Cross Validated is a question and answer site for people interested in statistics, machine learning, data analysis, data mining, and data visualization. It's 100% free, no registration required.

Sign up
Here's how it works:
  1. Anybody can ask a question
  2. Anybody can answer
  3. The best answers are voted up and rise to the top

From a survey I have data on three similar Likert-type questions (scales are 1 to 5). Because the questions essentially ask the same thing, I'd like to just report the average (mean) score across all three questions*. How do you calculate the margin of error for that?

  • Do you just lump the data from all three questions together? But then you effectively triple your sample size, and you get a relatively small margin of error.

  • Do you calculate the average of the three responses for each respondent first, and then calculate the margin of error? But does that reduce your standard deviation?

  • Do you take the largest margin of error of the three questions? I heard somewhere that one typically reports the largest margin of error. Does that apply in this case?

  • Or is it something else?

Thanks in advance for any advice.

*PS: I know about the controversy of treating Likert-type data as continuous variables. In this case I have no choice but to accept that.

share|improve this question
How does lumping the items triple your sample size? Instead of three items each ranging from 1 to 5 you have one item ranging from 1 to 15 (if you sum them) or 1 to 5 (if you take the mean). That sum or sum will have all the usual characteristics - mean, sd, skew, kurtosis etc. – Peter Flom Nov 29 '12 at 11:29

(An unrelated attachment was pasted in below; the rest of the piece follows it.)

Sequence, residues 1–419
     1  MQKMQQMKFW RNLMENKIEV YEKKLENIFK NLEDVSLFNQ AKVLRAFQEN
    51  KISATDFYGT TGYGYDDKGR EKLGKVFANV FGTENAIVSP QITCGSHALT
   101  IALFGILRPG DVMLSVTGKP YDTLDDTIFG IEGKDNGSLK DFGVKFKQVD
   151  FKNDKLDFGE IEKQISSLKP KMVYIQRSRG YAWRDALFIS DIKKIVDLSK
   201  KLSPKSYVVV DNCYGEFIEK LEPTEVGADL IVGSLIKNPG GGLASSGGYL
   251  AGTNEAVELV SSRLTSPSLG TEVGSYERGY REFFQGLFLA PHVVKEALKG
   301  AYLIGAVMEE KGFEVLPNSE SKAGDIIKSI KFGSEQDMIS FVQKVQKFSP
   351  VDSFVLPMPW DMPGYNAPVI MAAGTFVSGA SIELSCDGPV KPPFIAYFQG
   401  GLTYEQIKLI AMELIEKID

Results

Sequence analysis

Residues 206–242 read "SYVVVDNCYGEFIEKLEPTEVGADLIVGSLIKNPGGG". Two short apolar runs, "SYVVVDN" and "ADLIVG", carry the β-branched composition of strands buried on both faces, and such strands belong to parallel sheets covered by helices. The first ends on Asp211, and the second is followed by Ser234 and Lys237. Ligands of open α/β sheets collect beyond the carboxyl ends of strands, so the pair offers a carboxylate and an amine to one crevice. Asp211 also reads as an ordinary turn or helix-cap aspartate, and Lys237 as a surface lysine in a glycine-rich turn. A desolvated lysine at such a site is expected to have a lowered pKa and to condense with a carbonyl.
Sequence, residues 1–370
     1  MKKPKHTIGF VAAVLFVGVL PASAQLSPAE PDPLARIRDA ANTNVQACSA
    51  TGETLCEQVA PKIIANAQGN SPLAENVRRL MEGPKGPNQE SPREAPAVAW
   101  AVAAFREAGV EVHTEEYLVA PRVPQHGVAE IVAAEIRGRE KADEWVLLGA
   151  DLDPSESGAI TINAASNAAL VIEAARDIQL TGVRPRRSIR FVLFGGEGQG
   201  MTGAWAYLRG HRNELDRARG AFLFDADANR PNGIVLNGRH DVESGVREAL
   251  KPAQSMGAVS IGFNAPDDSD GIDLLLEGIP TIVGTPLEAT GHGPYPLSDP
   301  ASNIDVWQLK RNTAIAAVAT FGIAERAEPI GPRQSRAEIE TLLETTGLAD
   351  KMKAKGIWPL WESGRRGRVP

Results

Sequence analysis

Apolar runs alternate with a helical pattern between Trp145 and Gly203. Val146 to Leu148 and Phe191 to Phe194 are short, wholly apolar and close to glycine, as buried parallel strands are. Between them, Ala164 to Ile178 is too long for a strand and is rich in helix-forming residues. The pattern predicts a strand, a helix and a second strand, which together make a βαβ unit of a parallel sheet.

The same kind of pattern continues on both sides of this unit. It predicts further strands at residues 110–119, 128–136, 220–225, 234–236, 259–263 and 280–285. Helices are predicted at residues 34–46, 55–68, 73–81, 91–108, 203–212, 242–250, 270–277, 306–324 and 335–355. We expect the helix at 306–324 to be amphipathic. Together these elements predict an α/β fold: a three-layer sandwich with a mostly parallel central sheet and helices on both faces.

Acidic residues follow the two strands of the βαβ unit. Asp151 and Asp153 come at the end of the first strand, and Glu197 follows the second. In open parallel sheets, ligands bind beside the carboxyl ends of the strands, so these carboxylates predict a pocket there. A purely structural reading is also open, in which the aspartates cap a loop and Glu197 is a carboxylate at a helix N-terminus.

Note that the variance of the mean of several variables with equal variance will indeed be smaller than the variance of the original variables. That's the whole point of multi-item scales and the basis for much of classical psychometrics. The underlying idea is that the item-specific variance that gets “lost” in the process is error variance that isn't related to the characteristic you are trying to measure and should be averaged out. Therefore, adding appropriate items gives you a more precise measurement, more powerful comparisons between groups, etc. – Gala Nov 29 '12 at 12:27
Thanks a lot for the comments! Peter: makes sense. @Gael: That's a really interesting point you make. Actually, while thinking through your answer, I realized that the three questions are not really measuring the same thing, but rather 3 different components/aspects of it. Would that change anything? – John Dec 1 '12 at 11:28

Your Answer


By posting your answer, you agree to the privacy policy and terms of service.

Browse other questions tagged or ask your own question.